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D'var on Balak and Implications for Bet Din

12 Jul 2022 2:47 PM | Muriel Dance (Administrator)

Rabbi Janet Madden delivered at July 12, 2022 Governors' Meeting

Of the six Torah portions named after central characters--Noach, Sarah, Yitro, Korach, Balak and Pinchas—Parshat Balak is perhaps the most perplexing: why do we have a parsha named for a Moabite who plots the destruction of B’nei Israel?

The previous parsha, Chukot, concludes with the Israelites on the move, marching towards the land that has been promised them, having already defeated two kings in the Transjordan: Sihon, king of the Amorites, and Og, king of Bashan.

Parshat Balak opens with the introduction of the prince of Moav. Balak deeply—and rightly—fears the approaching Israelites, who are now encamped just across the Jordan. So Balak comes up with a devious plan appropriate to the meaning of his name: “Devastator.” He sends messengers to the territory of the Euphrates, to his kinsman Balaam, son of Beor. The call for help informs Balaam that there is a people that has come up from Egypt and is so numerous that “it hides the earth from view.” Balak assures Balaam that he will be well compensated if he will “put a curse upon this people for me…perhaps I can thus defeat them and drive them out of the land. For I know that whomever you bless is blessed indeed, and whomever you curse is cursed.”

Balaam’s name tells us that he is not “of the people”— perhaps he is uniquely set apart by his powers of prophecy and divination. And Balak is a true believer in the powers of Balaam. Although initially, Balaam refuses Balak’s offer, since he has been Divinely warned against taking up this task, by the third time that Balak appeals to him, substantially raising the promised compensation, and perhaps appealing to his ego, Balaam accepts the commission. And that is when it becomes clear both to Balaam and the Moabite dignitaries who accompany him that Balaam’s powers are indeed paltry compared to the powerful and protective Divine Presence that guides and shields the Israelites. Balaam’s expedition to curse the Israelites escalates in a series of three supernatural, surreal events during which the G-d of Israel takes over Balaam’s hearing, sight and speech: first, he hears the words of chastisement of his donkey, then he is able to see the presence of a potentially murderous Angelic Messenger and, finally, as he has already told Balak, his power of speech is shaped by the Divine: he blesses rather than curses the Israelites.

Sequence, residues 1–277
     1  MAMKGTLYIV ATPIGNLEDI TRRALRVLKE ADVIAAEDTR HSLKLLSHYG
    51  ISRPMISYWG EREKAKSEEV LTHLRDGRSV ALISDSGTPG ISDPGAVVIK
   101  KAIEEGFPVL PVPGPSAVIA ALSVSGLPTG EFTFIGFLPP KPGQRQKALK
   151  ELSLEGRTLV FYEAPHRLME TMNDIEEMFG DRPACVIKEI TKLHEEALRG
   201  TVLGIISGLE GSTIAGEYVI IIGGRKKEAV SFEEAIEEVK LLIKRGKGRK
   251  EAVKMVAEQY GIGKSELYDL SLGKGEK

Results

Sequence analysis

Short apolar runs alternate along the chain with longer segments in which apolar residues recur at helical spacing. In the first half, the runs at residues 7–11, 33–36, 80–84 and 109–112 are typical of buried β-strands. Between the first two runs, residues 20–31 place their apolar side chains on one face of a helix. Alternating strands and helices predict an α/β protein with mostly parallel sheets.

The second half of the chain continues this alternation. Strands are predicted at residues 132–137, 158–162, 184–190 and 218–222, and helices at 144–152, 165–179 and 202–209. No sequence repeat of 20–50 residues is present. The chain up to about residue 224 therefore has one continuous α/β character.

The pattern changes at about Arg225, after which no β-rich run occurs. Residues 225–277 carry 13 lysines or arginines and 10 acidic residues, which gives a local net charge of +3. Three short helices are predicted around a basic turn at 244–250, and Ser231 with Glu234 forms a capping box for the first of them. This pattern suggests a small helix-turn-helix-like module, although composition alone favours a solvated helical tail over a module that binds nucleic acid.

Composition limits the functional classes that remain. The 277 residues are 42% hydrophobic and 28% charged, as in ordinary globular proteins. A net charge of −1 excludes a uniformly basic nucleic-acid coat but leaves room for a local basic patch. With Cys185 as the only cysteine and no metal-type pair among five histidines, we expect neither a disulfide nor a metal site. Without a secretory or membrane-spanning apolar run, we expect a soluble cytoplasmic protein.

I wish that I could say that the dramatic events of this parsha bring us to the moment when, moved by these miraculous events, Balack and Baalam are moved to join B’nei israel. For at each high place where he is expected to speak a curse, Balaam instead speaks a blessing, not only acknowledging that “The Lord their God is with them” but also saying of himself

May I die the death of the upright,

May my fate be like theirs!

And, of course, he also pronounces the beautiful words that we pray in our morning liturgy:

“How fair are your tents, O Jacob, Your dwelling, O Israel” (Num. 24:5).

But, unlike those who come before this bet din, in spite of these praises, Balaam does not become another Yitro, casting his lot with the Israelites.

The Rabbis, playing on the name Balaam, call him "Belo'Am" (without people; that is, without a share with the people in the world to come) and "Billa' 'Am" (one that ruined a people), a reference to his role in the Heresy of Peor. Tractate Sanhedrin imagines him as blind in one eye and lame in one foot—metaphors for his perceptual and moral failings—and states that he had no portion in Olam HaBa.

But what about Balak? In full disclosure here, I am a lover of midrash and it is my joy to follow the breadcrumb trails laid down in Torah. And I know that in sacred texts, as in real life, we humans see only a part of the story. We never know how things will unfold in a future that we will not live to see. And so it is with the deep connection between this parsha named for Balak and the work of this Bet Din.

While joining B’nei Israel is not the choice of Balaam or Balak, Midrash Ruth Rabbah tells us not only that Ruth and Orpah were sisters, but that both were daughters of Eglon, the king of Moab. And Eglon was the son of Balak. That is, Balak was Ruth’s grandfather, and as we know, moving further into the generations from our archetype for those who choose to join the Jewish people, from Oved, the son of Ruth and Boaz, Oved the great-grandson of Balak, comes Jesse and then David. And Solomon, for that matter.

The lesson of this pasha, for me, is that it is inevitable that some will hate us and want to destroy us and some will acknowledge the power and beauty of our tradition. And, from the most unexpected places, in times and ways that we cannot imagine, some will choose to join the Jewish people. In the sacred process of finding their spiritual home, these people will not merely recite, with full hearts, the beautiful words:

“How fair are your tents, O Jacob, Your dwelling, O Israel” (Num. 24:5).

They will take up residence within the tent of our Jewish community. And we are so richly blessed by their choice.


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